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Phone Won't Charge? Try This Easy DIY Trick at Home First

If your iPhone or Android phone won't charge when you plug it in, this simple toothpick solution could save you a lot of money.

Andrew Lanxon headshot
Andrew Lanxon headshot
Andrew Lanxon Editor At Large, Lead Photographer, Europe
Andrew is CNET's go-to guy for product coverage and lead photographer for Europe. When not testing the latest phones, he can normally be found with his camera in hand, behind his drums or eating his stash of home-cooked food. Sometimes all at once.
Expertise Smartphones, Photography, iOS, Android, gaming, outdoor pursuits Credentials
  • Shortlisted for British Photography Awards 2022, Commended in Landscape Photographer of the Year 2022
Andrew Lanxon
3 min read
iPhone with power cable about to be plugged in

If you've had your phone for some time, a blocked charging port might well be a problem.

Andrew Lanxon/CNET

You plug your iPhone or Android phone into its charger and... nothing happens. Bummer. From broken or rusted charging ports to damaged power cables, there are plenty of reasons your phone might not charge and not all of them can be easily fixed at home. A common reason for faulty charging is simply that your charging port, whether that's Lightning on the iPhone 14 Pro or USB-C on phones like the Google Pixel 7 Pro or Samsung Galaxy S23 Ultra, is clogged with months' worth of pocket fluff and the cable can't quite fit in anymore. 

Not to worry: This is one of the simplest and cheapest charging problems to fix. Here's how. 

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Why is my charging port blocked? 

There are no covers on your phone's charging port, meaning they're exposed to every bit of dust, dirt and debris they encounter. Every time you slide your phone into your pocket your phone will be susceptible to pocket fluff and if, like me, you've got pockets filled with detritus from accidentally washing your jeans with old receipts in the pockets then that's asking for trouble. And that's to say nothing of the biscuit crumbs I have in there. Do not ask me why I have biscuit crumbs in my pockets.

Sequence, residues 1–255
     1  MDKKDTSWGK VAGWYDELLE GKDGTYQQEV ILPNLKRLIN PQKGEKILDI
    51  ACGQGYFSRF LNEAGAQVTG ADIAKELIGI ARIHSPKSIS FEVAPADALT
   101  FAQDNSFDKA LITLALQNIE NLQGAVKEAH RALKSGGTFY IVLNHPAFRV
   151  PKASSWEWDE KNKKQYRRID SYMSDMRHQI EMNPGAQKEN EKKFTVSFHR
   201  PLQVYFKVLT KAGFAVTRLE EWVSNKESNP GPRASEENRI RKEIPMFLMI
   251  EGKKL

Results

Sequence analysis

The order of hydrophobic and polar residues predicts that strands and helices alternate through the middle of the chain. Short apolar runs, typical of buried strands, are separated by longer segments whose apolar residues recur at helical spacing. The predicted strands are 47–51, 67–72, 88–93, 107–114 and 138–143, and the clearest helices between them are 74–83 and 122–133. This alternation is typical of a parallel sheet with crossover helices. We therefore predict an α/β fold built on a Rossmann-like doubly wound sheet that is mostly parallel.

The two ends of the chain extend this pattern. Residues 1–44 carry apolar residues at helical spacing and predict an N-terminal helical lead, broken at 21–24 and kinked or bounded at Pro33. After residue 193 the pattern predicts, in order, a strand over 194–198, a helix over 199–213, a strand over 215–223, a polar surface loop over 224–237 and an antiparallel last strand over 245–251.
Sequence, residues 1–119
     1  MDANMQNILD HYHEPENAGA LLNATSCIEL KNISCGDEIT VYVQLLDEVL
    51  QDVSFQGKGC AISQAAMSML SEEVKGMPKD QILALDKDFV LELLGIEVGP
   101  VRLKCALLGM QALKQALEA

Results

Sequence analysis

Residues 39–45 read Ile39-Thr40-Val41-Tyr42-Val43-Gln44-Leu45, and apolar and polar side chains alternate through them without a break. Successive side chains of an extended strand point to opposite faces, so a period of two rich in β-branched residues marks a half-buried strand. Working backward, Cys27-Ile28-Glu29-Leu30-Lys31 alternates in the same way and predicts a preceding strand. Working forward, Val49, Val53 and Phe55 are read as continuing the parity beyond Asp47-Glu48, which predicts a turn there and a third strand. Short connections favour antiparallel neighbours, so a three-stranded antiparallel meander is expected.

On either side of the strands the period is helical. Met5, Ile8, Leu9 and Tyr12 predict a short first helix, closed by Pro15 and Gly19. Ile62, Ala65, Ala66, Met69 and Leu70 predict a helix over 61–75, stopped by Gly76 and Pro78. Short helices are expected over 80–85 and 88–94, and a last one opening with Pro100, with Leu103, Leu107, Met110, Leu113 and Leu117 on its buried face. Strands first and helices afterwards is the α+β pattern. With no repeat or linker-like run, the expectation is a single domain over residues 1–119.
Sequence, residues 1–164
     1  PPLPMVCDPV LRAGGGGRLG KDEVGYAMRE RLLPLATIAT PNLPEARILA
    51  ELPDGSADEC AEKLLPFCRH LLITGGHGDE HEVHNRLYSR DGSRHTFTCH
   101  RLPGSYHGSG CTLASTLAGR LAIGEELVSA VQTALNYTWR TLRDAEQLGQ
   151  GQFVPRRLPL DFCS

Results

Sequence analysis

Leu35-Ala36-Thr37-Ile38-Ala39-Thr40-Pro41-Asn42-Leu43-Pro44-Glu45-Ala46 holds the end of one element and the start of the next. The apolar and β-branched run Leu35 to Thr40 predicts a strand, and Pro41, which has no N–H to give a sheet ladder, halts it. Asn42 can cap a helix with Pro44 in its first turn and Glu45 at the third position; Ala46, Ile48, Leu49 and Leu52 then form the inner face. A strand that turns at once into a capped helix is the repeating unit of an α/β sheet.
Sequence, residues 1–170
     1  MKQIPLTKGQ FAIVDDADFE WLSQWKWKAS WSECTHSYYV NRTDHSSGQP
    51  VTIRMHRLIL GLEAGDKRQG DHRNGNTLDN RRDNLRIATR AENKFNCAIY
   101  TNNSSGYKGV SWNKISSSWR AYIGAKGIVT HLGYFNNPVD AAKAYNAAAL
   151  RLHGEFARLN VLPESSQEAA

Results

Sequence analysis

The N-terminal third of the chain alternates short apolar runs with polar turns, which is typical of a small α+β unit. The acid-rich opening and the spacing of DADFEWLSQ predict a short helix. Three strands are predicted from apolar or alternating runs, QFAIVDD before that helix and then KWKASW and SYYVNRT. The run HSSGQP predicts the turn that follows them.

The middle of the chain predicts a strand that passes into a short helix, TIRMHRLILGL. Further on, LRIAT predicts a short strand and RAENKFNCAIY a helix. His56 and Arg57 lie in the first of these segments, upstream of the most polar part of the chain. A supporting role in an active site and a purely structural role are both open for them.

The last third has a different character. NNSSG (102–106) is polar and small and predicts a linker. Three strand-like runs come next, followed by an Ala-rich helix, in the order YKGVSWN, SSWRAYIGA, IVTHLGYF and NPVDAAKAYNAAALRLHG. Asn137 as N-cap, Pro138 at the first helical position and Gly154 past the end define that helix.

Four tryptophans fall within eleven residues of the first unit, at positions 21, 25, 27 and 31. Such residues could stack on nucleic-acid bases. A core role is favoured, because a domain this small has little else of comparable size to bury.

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Day by day, this won't be a problem but those tiny bits of dust and fluff will build up over the months or years you have your phone, compacting together each time you plug in your charging cable until it forms a solid barrier that stops your charger from going all the way in and allowing it to connect and charge. 

Inserting a cocktail stick into an iPhone's charging port

A wooden cocktail stick is a great tool for the job as the wood won't damage the internal parts. 

Andrew Lanxon/CNET

If you've had your phone for more than six months and you're gradually finding the charger becoming less and less stable (particularly if you have to wiggle it around to get it to begin charging) then it's highly likely that dirt in your port is the culprit. 

How to clean out your phone's charging port 

It's a simple task to unclog your phone's port. You'll need a cocktail stick, toothpick or other thin item that you can poke in to the port to scrape out the grime. Wood or plastic is better as it's less likely to scrape against anything inside and potentially cause harm. I've done this using a metal SIM removal tool and while it worked well, it's not the safest option for your phone. 

Insert your tool of choice into the charging port until it won't go further and gently start scraping away. With an iPhone's Lightning port you can scrape back and forth, but with USB-C you'll need to scrape around the charging connector, which sits in the middle of the port. 

A cocktail stick inside an iPhone's charging port

Get it in there.

Andrew Lanxon/CNET

Eventually you'll start to work the compacted debris loose and you'll be able to encourage the dislodged material out of the port. It's a satisfying process and you might be surprised at how much stuff actually comes out. Gently work on the sides of the port too, but be mindful not to scrape hard against any of the metal charging connectors. 

Eventually you'll have pretty much all of it out. It's difficult to check for sure if you've gotten rid of it all as it's tricky to see inside the port, even if you have a good light to hand. But once you've got a good amount of nonsense out, you can try your charging cable again. 

Close up on dirt removed from an iPhone's charging port

The satisfying removal of nonsense from your phone's charging port.

Andrew Lanxon/CNET

Hopefully it'll plug in more securely now and begin charging. If not, carry on trying to extract more dirt and then test the charger again. If that still doesn't solve the issue it's time to consider other solutions like a new cable or charger.